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Franks said that the minority is typically allowed to invite only one witness to the majority’s three witnesses, and that Nadler had an opportunity to chose Norton to be that witness — but he didn’t.
“Any written submission will of course be made a part of the hearing record, and we welcome her contributions,” Franks said of Norton, who was sitting in one of the front rows with the other audience members attending the hearing.
He also invited Norton to join other Members at the dais, although she would not be permitted to ask questions of the witnesses as she is not a member of the Judiciary Committee. Norton declined the offer.
In her written testimony, Norton said that the bill is a direct attack on District women, as well as a step toward undermining Roe v. Wade, the Supreme Court decision that deemed the right to have an abortion constitutional.
“Republicans claim that the bill does not usurp local authority because Congress has jurisdiction over the District of Columbia. However, that argument has been unavailing for 39 years, since Congress gave up that power over the District of Columbia, except for a small number of enumerated exceptions, with passage of the Home Rule Act of 1973,” Norton wrote.
Norton, along with Mayor Vincent Gray, had a chance to speak out against the bill to the public earlier on Thursday. They held a press conference in the Rayburn House Office Building, just a few doors down from the Judiciary Committee hearing room where the formal hearing was to take place.
Nadler joined them, saying that the behavior of his Republican colleagues was “highly obnoxious.”
Pros and Cons
Franks and his allies have in the past made the case that the nation’s capitol city should not permit abortions period, let alone ones after the 20-week threshold.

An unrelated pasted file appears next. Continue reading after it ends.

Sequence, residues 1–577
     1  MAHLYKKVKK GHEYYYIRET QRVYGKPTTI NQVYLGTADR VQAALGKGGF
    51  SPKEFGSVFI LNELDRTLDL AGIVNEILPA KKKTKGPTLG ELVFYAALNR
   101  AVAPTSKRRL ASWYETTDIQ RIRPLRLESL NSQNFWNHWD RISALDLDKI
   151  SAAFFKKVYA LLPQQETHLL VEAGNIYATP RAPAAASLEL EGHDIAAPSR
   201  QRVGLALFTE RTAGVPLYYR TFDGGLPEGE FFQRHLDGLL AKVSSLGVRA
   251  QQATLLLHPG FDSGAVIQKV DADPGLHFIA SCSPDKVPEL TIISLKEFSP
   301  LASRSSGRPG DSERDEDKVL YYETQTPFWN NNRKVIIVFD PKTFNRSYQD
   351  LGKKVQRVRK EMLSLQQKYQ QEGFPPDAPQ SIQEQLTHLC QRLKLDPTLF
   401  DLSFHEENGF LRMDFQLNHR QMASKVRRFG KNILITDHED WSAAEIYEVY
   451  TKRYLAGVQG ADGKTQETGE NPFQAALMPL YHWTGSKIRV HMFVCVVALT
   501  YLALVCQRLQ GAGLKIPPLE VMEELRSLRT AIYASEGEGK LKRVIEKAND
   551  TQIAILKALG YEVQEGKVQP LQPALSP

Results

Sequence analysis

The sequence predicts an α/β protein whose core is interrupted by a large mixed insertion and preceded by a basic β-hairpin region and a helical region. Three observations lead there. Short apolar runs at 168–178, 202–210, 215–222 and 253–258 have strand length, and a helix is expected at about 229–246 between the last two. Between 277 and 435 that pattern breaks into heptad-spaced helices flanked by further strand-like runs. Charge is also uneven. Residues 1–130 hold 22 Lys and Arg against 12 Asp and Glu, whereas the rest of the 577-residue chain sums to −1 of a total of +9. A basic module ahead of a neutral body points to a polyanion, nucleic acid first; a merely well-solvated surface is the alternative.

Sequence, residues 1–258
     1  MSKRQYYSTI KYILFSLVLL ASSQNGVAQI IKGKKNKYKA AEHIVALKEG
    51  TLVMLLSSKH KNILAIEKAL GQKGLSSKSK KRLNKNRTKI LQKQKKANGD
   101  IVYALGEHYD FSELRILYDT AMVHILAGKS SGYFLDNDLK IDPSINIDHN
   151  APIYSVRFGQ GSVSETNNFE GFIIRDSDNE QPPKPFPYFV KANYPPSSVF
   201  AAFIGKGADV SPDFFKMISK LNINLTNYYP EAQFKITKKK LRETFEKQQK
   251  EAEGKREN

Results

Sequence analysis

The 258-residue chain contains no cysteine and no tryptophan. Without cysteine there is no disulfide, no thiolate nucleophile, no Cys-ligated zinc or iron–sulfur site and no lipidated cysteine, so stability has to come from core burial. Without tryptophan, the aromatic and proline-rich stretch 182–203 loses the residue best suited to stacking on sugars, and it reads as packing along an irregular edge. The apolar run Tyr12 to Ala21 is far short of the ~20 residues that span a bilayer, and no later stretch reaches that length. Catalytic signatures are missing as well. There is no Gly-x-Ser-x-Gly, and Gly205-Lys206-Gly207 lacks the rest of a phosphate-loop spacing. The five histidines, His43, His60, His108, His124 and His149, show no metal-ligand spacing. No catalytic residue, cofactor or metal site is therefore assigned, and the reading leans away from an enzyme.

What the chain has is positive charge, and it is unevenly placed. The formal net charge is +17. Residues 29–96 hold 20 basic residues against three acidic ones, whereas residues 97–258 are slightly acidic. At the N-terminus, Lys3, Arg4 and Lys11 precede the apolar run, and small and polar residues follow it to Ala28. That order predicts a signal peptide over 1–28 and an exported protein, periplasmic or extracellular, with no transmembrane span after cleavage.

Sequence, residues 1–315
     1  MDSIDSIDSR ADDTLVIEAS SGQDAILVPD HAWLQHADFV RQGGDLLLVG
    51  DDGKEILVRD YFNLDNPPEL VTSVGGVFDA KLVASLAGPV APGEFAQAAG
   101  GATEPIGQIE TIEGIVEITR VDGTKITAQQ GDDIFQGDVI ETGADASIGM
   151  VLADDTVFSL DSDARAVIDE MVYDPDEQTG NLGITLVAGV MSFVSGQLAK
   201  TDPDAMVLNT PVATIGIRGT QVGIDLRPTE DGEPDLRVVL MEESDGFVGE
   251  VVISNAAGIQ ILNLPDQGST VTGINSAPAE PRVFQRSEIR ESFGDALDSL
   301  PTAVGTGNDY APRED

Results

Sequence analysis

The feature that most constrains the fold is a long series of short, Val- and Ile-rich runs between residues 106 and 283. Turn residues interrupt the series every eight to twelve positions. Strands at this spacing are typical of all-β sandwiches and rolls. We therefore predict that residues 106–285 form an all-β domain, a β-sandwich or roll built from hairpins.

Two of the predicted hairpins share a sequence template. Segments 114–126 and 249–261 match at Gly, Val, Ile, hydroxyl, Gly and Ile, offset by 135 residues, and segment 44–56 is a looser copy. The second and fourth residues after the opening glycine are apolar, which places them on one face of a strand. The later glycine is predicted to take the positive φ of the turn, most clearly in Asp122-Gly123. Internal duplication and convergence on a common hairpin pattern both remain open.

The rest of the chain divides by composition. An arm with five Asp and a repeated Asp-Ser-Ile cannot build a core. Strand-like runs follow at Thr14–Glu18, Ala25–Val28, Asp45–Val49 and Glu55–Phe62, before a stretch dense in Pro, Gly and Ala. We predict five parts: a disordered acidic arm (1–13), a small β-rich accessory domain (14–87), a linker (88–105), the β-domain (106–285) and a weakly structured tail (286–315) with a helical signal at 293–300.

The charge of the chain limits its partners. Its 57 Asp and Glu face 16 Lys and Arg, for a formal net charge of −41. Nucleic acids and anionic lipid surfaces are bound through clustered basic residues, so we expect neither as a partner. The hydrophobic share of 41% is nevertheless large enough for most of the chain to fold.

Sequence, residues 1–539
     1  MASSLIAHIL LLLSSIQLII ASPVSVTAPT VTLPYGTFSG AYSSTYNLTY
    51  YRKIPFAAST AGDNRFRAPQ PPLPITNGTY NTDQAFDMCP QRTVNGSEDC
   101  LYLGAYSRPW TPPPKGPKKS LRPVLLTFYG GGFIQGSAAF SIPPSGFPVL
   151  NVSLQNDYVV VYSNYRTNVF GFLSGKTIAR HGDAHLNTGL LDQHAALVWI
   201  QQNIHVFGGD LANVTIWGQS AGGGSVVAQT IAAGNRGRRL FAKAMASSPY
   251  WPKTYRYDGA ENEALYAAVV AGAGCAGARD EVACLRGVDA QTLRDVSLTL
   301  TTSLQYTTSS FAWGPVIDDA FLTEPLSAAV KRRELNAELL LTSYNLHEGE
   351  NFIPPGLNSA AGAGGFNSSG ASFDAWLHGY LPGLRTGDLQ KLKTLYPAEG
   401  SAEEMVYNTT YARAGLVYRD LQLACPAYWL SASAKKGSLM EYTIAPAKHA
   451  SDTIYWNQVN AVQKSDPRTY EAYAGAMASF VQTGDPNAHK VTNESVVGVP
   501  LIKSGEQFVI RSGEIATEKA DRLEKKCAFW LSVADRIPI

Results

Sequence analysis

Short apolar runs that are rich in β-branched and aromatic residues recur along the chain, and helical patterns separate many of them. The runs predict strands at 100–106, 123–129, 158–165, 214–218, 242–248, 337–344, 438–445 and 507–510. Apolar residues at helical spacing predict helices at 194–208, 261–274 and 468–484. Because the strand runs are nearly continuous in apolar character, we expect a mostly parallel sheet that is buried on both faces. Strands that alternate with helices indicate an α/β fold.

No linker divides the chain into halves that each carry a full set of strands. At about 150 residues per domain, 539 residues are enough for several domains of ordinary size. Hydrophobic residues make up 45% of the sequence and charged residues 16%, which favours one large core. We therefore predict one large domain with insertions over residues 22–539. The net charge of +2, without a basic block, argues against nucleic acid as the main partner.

But during the hearing itself, which lasted a little more than an hour, Republican lawmakers tried to steer the conversation clear of D.C.-specific questions, focusing instead on examples of how abortion is inhumane.
Anthony Levatino, an obstetrician gynecologist who used to perform abortions until he had a change of heart, described in graphic detail the process by which a fetus in a late-term abortion is extracted from a mother’s body, at one point demonstrating with a stainless steel clamp used in the procedure.
“You know you have it right when you crush down on the clamp and you see the ... the baby’s brains. You can then extract the skull pieces. Many times, a little face may come out and stare back at you. Congratulations!” he said. “You have successfully performed a second-trimester Suction [dilation and evacuation] abortion.”
Neonatologist Colleen Malloy gave more medical evidence for pain the fetus can experience 20 weeks into the pregnancy.
And Byron Calhoun, vice chairman of the Department of Obstetrics and Gynecology at West Virginia University-Charleston, described an alternative to abortion for women whose children are going to be born with severe and life-threatening anomalies: many hospitals, he said, are employing a "hospice" model that helps the mother confront her baby's health condition and creates a supportive atmosphere through delivery and after, during what little time the child has left.